No. "I'm not fearful of getting injured or of punches hurting."
Fear of getting hurt?
No. "Because I have accepted it's part of the job. And I am going to hurt somebody, so it's only fair."
Fear of anything?
"Of looking foolish inside the ring. Lots of eyes are watching you. You are going against someone trained to knock you out. That can be quite scary because it's not behind closed doors, people can see it, talk about it, take a photo, take videos, it can go viral. If you get knocked down and knocked out, you're probably going to appear in someone's highlight video, and that's not fun."
Courage for Ridhwan - who has won all his 10 pro bouts, owns a world title and fights for the International Boxing Organisation World Super Bantamweight title in September - isn't just the willingness to endure pain, but something deeper, something learnt over the journeys of life. Ask about courage and he pauses like a contemplative diver on a high board and then leaps into his answer.
"For me, courage is having the guts to do what many say is impossible. Different people are afraid of different things. It depends on what is stopping them from growing. Courage is about taking the step to get through that stage of being uncomfortable and then grow to be the person they are meant to be."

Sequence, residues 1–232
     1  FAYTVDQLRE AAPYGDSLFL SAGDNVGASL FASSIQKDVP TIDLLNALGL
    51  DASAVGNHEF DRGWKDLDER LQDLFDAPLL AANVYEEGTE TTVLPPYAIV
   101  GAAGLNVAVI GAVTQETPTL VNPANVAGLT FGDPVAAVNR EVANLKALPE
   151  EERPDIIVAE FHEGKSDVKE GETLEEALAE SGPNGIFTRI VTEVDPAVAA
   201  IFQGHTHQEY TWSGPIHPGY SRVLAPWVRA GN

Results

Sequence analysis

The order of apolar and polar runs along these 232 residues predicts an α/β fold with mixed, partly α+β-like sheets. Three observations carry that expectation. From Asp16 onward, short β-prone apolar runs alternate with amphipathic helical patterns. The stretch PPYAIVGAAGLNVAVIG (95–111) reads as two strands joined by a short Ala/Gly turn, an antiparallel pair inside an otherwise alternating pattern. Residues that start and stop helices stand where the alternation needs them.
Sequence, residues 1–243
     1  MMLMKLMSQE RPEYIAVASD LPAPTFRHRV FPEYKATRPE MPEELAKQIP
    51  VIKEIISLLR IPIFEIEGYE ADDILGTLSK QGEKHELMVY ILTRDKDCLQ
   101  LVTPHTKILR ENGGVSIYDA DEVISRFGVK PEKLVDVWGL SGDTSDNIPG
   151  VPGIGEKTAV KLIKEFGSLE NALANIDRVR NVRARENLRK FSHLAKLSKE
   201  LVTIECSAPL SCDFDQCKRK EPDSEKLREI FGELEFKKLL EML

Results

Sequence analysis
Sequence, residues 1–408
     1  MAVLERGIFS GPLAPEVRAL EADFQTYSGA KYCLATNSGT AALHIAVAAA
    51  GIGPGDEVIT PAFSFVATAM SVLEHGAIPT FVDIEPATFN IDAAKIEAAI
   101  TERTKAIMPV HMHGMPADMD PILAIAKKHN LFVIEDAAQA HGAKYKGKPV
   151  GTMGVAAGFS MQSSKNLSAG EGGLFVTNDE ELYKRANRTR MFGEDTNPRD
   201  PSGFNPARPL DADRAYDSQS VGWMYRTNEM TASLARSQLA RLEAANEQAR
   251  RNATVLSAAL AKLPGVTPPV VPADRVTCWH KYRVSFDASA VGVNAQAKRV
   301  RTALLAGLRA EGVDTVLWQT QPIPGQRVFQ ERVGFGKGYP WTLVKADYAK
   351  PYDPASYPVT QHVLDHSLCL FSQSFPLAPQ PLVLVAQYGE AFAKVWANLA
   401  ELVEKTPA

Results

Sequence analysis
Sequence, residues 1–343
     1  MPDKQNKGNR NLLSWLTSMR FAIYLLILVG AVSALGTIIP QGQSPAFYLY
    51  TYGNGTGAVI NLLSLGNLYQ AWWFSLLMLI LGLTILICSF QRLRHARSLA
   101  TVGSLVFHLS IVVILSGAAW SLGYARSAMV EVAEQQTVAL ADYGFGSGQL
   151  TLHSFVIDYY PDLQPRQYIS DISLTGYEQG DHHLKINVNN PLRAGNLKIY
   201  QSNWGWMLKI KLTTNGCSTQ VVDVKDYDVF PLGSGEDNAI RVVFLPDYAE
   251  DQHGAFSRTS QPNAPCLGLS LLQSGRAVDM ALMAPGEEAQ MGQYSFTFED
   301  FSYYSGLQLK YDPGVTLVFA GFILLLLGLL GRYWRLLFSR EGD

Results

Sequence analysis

He's not finished.
"(Courage) is something not natural for me. It's something I have to build in my mind every day. It takes practice to be brave."
Courage is picking a hard dream like professional boxing in a city with little history in it and with not much expertise in it. Courage is doing every hard thing required for that dream, like finding jobs that allow you time to box.
So Ridhwan has worked as a waiter and a cook, a cleaner and a pest controller. He's delivered washing machines and unloaded goods at a warehouse. He's travelled to Cebu in the Philippines to train, paid his way there, lived in a room of six boxers, hand-washed his clothes, ate too much canned tuna and what he discovered is something more profound than mere boxing.
"Patience," he says when I ask what all this teaches him. "Patience is much stronger than courage. Anybody can be courageous at a point of time. But patience is something that lasts. Patience to stay the course, to believe in the dream, that all this will eventually lead somewhere."